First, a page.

5 Easy Steps to Assist A Goat Giving Birth in Homestead

Dear fellow animal lovers! Have you ever wonder what to do when your doe is in labor? Should we help her ourselves or just let her be? Or does calling a vet will be a better choice? Let’s say your doe is pregnant, then about 150 days or 5 months later there will be a new resident or a few of them in your household. You see the signs that she’s about to give birth, and now you are considering which options would be the best for your doe. All those options are possible, depend on the doe condition.

Let nature takes its course, they said. Sure, a doe can labor by herself naturally. But if you are raising goats in your homestead or backyard as pets, for example, you may want to know how to take care of your doe during her pregnancy until she finally labors. Keep your doe healthy and there won’t be any problem even though you don’t assist your doe on her labor. Just make sure to keep an eye on her just in case something happens.

But what if you want to be involved in this miracle of life situation? Or you just happen to read or listen to your fellow goat owner that assisting a doe in labor is a must? Well, though we believe that assisting a doe in her labor is not an obligation, doesn’t mean we suggest you to ignoring the doe in labor. There is a belief that helping your doe in labor minimizes the possibility of losing doe or kids because of birth complications, and while we don’t suggest you to fully involved, there are few things we can do to help her labor. Here we have 5 easy steps to assist a goat giving birth in a homestead.

  • Understand the stage labor

There are two stages. The first one is when uterus contracts and dilates, pushing the unborn kid on its way against the cervix. This process can last about 12 hours for does that are giving birth for the first time, but it is different for every goat.

Your doe will be restless in this stage. She may look around like she can’t figuring out what is happening on her. Sometimes she will lick herself, or you. Other times, the doe will look like digging.

The second stage is when the doe pushes the babies out of her uterus. Her contractions get stronger and the kid will start moving down the birth canal if the kid is lined up correctly.

From the time your doe starts pushing until the kid is birthed should be only 30 minutes. If it takes longer than that, there is a possibility that the kid may be malpositioned or the doe may have another problem. This is why we suggest you keep an eye on the doe during labor. Check out whether the kid is stuck or malpositioned to determine whether your intervention or even a vet is needed.

You will see thicker discharge, sometimes with blood, and then a bubble that wrapping the baby goat at the opening of the vagina called the amniotic membrane. Usually, you can see a nose and one or two little hooves if you look in the bubble.

  • Don’t pull the baby out

Your doe can labor while standing or laying down, depending on what most comfortable for her, and the majority of kids are born with “diving” position; head first, sometimes with a front foot or two, and sometimes without. If your doe is standing during her labor, the kid will hang from the rear and you may assist her labor by grabbing the kid, but don’t pull the baby. Let your doe pushes her baby out. A doe is more than capable of handling the labor on her own. Even in a rare case that the baby is breech (kid comes out with the tail first), your doe still able to push her baby out.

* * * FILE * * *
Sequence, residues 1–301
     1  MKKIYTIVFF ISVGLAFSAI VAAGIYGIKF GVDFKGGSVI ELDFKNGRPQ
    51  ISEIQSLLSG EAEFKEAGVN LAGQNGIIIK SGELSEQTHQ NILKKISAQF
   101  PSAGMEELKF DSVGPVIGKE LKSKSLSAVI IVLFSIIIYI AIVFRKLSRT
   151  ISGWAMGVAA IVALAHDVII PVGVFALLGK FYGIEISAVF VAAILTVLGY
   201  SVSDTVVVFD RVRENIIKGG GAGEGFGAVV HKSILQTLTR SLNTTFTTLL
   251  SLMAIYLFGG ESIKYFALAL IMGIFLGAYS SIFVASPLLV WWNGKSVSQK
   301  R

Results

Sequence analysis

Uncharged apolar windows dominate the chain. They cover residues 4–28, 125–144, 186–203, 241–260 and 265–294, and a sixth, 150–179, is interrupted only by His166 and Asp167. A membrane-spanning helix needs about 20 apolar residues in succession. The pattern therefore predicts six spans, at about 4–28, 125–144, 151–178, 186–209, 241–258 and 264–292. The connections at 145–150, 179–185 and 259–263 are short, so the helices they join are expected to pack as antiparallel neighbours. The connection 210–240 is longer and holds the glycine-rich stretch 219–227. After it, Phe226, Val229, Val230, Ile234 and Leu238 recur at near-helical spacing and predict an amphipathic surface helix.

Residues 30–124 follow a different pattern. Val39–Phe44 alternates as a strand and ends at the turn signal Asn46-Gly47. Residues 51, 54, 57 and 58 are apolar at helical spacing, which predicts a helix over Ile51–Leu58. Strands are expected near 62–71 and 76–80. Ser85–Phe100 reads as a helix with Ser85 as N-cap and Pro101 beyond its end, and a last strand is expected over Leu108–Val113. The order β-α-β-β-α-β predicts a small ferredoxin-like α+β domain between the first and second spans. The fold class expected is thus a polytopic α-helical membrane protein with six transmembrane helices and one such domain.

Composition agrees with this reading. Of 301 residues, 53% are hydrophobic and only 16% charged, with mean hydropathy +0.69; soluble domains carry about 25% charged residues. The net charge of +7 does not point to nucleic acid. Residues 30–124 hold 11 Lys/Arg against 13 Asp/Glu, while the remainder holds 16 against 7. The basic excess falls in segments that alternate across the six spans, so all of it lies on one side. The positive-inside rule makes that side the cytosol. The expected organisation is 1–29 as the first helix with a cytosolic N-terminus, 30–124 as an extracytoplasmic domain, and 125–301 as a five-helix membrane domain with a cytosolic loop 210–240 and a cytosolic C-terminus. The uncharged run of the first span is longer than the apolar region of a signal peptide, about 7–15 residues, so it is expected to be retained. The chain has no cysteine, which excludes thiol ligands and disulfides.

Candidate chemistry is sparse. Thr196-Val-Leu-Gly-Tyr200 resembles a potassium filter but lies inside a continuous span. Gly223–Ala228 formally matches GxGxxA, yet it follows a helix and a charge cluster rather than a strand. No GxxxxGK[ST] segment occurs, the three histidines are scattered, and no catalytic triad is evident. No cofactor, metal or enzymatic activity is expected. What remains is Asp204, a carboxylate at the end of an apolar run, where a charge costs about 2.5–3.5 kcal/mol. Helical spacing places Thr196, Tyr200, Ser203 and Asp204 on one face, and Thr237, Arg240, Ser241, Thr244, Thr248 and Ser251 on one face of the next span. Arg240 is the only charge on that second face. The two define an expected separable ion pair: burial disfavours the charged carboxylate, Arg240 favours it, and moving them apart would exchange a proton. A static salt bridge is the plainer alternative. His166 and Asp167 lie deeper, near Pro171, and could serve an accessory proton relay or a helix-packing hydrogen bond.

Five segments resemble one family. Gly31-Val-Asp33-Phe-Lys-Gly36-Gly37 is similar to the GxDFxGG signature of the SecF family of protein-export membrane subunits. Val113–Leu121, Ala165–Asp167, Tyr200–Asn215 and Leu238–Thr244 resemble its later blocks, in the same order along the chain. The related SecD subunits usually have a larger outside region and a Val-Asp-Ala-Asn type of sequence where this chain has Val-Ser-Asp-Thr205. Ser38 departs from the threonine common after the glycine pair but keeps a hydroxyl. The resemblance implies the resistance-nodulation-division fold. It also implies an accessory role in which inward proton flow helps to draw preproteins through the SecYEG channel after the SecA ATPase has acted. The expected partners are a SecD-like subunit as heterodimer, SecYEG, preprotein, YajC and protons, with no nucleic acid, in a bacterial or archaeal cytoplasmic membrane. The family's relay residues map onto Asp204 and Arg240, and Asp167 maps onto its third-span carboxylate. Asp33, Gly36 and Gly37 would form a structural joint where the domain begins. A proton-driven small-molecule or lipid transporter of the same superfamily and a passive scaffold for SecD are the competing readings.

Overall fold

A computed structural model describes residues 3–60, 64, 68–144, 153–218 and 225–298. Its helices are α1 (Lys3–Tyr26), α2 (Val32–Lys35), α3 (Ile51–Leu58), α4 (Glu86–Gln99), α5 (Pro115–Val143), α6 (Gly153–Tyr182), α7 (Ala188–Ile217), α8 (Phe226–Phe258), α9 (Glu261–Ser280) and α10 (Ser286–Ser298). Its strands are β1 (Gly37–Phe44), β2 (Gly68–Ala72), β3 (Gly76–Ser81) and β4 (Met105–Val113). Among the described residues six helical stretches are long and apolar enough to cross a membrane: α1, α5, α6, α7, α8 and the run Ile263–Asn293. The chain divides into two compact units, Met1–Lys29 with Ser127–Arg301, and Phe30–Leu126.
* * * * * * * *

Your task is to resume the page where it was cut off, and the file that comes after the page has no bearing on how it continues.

If the doe can’t push her baby, help her by gently pulling the baby out. Remember, the keyword is gently because we don’t want to bring harm to either the baby or the doe.

  • Clean the baby

The goo may disgust to some people, but cleaning the baby is one of the easiest steps to assist a goat giving birth in a homestead. There are some cases where the amniotic membrane doesn’t break when the kid comes out. If that happens, break it and clean the fluids from the kid’s mouth and nostrils so the kid can breathe, cough, or shake her head to clear excess mucus.

Prepare some towels and check out how to treat newly born goat here.

  • Help them bonding

Your doe will be bond with her kids by cleaning the placentae off of them. Yup, we suggest you clean the baby off, but let their mom do the rest. If your doe doesn’t look like she is interested in her kids, keep shoving them onto her until she licks them. Make sure the mom is licking her kids because this is a huge part of their bonding.

  • Understand the birth problem

If goat kids are small,  breech presentation is not a problem. Although, there is a risk in a breech birth which is the possibility of inhaling amniotic fluid.

Another position that can result in a problem and sometimes require assistance and reposition include front legs back (you’ll see a nose and tongue hanging out but no hooves), head back (hooves out but head back, commonly to one side), transverse (across the uterus with a side near the cervix), or crown presentation (the top of the head coming first). If you encounter a malpositioned kid, call a veterinarian or an experienced goat owner to assist you or talk you through it. Have a veterinarian perform a cesarean if you are unable to get the kid into the right position.

Understand the problem will help you to be prepared for the worst and decide which solution is the best for your goat. We hope your doe will have a smooth delivery and healthy kids. Good luck!